posted by salvia at 11:54 PM on December 24, 2016 [12 favorites]

When I thought about doing this, I talked to people (and applied to a ton of places) and learned that it takes ~2 years to go from 0 to fine dining, via either a) a job serving at a casual, high-volume place, b) catering, or c) first hosting or expediting (at a fine dining place) for a while.

(Also, the only jobs I was actually offered, with my officey, zero-hospitality resume [except for some time at a bagel shop, around the same year most working servers were born] were full-time admin/management roles in the back office. Wanted something p/t and active while studying :/ Also, at least one restaurant owner was offended that I'd walked into his place, with no serving experience, expecting to get hired. It's more professionalized than you might think.)
posted by cotton dress sock at 11:57 PM on December 24, 2016 [4 favorites]

I have a friend in the fancy restaurant world in New York City. He was a server at places like this for a long time (now a manager). He started out as a bar back and worked his way up to waiting tables. So that's another way - take the least desirable jobs (bar back, bus boy, dishwasher, etc) at a very nice restaurant, work your ass off, and be really impeccably nice no matter what. I imagine being able and willing to take odd shifts will help too - night or early morning at a diner, say.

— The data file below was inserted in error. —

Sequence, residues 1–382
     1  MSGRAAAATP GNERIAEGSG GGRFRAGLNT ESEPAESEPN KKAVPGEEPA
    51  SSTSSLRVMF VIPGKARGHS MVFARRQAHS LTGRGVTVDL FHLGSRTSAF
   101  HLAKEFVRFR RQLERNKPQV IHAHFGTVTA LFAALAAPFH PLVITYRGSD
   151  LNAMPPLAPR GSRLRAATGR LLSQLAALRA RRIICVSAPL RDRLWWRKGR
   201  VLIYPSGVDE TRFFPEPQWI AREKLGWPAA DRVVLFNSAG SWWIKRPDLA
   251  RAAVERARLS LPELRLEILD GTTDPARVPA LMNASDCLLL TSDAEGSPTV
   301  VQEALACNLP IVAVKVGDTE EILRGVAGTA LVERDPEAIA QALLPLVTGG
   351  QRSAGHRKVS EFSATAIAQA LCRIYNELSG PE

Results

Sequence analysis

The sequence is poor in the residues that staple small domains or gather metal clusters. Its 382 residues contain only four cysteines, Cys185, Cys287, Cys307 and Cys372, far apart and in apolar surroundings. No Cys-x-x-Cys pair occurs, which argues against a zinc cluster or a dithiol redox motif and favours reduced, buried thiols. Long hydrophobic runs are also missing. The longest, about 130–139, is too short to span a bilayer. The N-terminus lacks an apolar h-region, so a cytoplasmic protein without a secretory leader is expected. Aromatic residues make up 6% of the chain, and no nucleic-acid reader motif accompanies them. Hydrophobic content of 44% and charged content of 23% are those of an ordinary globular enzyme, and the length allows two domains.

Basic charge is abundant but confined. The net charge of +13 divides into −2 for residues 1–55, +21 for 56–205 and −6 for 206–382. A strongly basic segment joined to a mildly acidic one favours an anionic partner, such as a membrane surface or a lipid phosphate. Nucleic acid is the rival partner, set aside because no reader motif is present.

Waiting tables well is definitely a skill. I enjoy it, but I'm terrible at it.
posted by jrobin276 at 2:30 AM on December 25, 2016 [2 favorites]

The traditional path to table waiting on-the-job training and jobs is bussing. You will be more likely to get a gig bussing tables and working up. High-end waiting jobs are very competitive, and staffed by skilled wait staff with experience and references.
posted by DarlingBri at 4:17 AM on December 25, 2016 [2 favorites]